The horned screamer is a massive 84–95 cm (33–37.5 in) long, 3.5 kg (7.7 lb) bird, with a small chicken-like bill. The upperparts, head, and breast are black, with white speckles on the crown, throat and wing coverts. There is a long spiny structure projecting forward from the crown. This structure is unique among birds and is not derived from a feather but is a cornified structure that is loosely attached to the skull and grows continuously while often breaking at its tip.[9] This gives this species its name. It has very long and lanky legs and three large toes in each. The belly and under wing coverts are white. It has two sharp spurs on its wings and feet which are only partially webbed.

The horned screamer's call, as the name suggests, is a very loud echoing sound.[10] It is called "el clon-clon" in Ecuador because of this peculiar feature.[citation needed]
Distribution, habitat and behavior

The horned screamer is found in lowlands from Colombia, Venezuela, Brazil, Bolivia, Peru, Ecuador, French Guiana, Suriname, and Guyana.[11] It has been possibly extirpated from Trinidad.[1] Despite having declined locally, it remains widespread and is fairly common overall. Its range in Brazil appears to have expanded in recent years. Screamers, like most birds, tend to group together, but are for the most part semi-social. The existence of the screamer is rather sedentary.[12] It lives in well-vegetated marshes and feeds on water plants.

Its nest is a large pile of floating vegetation anchored in shallow water. Three olive-brown eggs are laid, and the young, like those of most Anseriformes, can run as soon as they are hatched.
As a symbol

The horned screamer is the official bird of both the Department of Arauca and the Municipality of Arauca in Colombia, as well as a symbol of the National Reserve of Churute in Ecuador. The department and its capital are named after the bird, which is called arauco or aruco in Spanish.

The bird appears in the arms of Tietê, Brazil.[13]

BirdLife International (2016). "Anhima cornuta". IUCN Red List of Threatened Species. 2016: e.T22679723A92826187. doi:10.2305/IUCN.UK.2016-3.RLTS.T22679723A92826187.en. Retrieved 12 November 2021.
Grew, Nehemiah (1681). Rarities belonging to the Royal Society, p.65.
Linnaeus, Carl (1766). Systema naturae : per regna tria natura, secundum classes, ordines, genera, species, cum characteribus, differentiis, synonymis, locis (in Latin). Vol. 1, Part 1 (12th ed.). Holmiae (Stockholm): Laurentii Salvii. p. 232.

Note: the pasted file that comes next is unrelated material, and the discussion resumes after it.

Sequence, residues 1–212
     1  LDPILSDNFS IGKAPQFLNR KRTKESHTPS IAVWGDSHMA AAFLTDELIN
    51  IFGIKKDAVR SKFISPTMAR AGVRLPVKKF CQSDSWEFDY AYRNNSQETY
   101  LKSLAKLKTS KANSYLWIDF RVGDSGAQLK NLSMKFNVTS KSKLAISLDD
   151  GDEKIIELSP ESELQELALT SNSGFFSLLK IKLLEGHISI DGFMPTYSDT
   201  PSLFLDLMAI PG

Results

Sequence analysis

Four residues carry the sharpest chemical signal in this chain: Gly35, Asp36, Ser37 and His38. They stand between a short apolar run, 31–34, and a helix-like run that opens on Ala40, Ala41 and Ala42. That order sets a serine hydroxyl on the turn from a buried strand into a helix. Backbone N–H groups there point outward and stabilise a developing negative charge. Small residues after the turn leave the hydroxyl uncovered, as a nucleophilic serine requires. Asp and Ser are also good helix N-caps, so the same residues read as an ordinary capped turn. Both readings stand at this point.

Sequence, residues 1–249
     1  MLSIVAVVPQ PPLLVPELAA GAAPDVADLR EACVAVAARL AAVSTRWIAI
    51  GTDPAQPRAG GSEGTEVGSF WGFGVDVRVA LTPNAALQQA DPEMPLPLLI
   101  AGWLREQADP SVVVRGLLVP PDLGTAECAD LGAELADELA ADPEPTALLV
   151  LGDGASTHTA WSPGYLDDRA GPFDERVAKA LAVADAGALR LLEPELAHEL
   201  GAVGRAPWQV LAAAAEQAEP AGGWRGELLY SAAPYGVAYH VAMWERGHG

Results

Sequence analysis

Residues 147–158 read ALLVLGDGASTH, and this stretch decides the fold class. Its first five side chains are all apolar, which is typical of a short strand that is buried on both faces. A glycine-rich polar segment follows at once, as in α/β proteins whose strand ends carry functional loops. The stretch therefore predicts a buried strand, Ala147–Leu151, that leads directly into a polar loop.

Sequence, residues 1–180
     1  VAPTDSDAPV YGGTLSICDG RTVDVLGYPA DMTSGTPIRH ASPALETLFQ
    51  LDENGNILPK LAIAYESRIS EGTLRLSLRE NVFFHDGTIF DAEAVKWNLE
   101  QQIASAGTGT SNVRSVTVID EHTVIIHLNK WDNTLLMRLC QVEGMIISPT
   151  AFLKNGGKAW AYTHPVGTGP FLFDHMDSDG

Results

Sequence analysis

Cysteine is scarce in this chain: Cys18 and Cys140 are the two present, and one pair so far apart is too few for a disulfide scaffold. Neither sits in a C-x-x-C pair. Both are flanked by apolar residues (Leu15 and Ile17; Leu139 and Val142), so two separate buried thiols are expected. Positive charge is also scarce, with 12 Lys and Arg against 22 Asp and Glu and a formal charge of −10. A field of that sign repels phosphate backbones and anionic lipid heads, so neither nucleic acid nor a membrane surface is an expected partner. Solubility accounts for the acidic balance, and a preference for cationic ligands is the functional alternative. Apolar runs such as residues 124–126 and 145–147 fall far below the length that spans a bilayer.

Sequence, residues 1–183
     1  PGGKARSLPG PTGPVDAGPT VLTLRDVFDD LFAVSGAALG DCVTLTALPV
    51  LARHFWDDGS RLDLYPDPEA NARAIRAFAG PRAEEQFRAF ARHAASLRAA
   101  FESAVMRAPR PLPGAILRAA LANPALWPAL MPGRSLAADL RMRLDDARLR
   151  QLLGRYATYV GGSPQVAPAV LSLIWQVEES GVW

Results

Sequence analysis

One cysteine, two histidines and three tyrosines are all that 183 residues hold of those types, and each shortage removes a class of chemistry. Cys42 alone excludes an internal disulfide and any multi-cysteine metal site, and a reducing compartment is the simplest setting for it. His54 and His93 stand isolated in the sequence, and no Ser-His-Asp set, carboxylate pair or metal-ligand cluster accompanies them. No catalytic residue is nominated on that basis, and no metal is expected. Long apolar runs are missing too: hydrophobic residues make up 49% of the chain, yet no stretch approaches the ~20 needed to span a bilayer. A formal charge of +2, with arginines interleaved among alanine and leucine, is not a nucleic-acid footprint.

Brisson, Mathurin Jacques (1760). Ornithologie, ou, Méthode Contenant la Division des Oiseaux en Ordres, Sections, Genres, Especes & leurs Variétés (in French and Latin). Paris: Jean-Baptiste Bauche. Vol. 1, p. 48, Vol. 5, p. 518.
Gill, Frank; Donsker, David, eds. (2019). "Screamers, ducks, geese, swans". World Bird List Version 9.1. International Ornithologists' Union. Retrieved 9 April 2019.
Jobling, J.A. (2019). del Hoyo, J.; Elliott, A.; Sargatal, J.; Christie, D.A.; de Juana, E. (eds.). "Key to Scientific Names in Ornithology". Handbook of the Birds of the World Alive. Lynx Edicions. Retrieved 9 April 2019.
Marcgrave, Georg (1648). Historia naturalis Brasiliae (in Latin). Vol. Liber Quintus: Qui agit de Avibus. Lugdun and Batavorum (London and Leiden): Franciscum Hackium and Elzevirium. p. 215.
Jobling, J.A. (2019). del Hoyo, J.; Elliott, A.; Sargatal, J.; Christie, D.A.; de Juana, E. (eds.). "Key to Scientific Names in Ornithology". Handbook of the Birds of the World Alive. Lynx Edicions. Retrieved 9 April 2019.
Stettenheim, Peter R. (2000). "The Integumentary Morphology of Modern Birds—An Overview". American Zoologist. 40 (4): 461–477. doi:10.1093/icb/40.4.461.
Lodge Amazon (2015-03-21), Horned Screamers Loud, archived from the original on 2021-12-22, retrieved 2018-11-19
Clements, J. (2007)
Piland, Natalia (2010-07-07). "Horned Screamer (Anhima cornuta)". Neotropical Birds. doi:10.2173/nb.horscr1.01.

"". Archived from the original on 2008-03-18. Retrieved 2006-10-01.


Clements, James, (2007) The Clements Checklist of the Birds of the World, Cornell University Press, Ithaca
Hilty, Steven, L. (2003) Birds of Venezuela, ISBN 0-7136-6418-5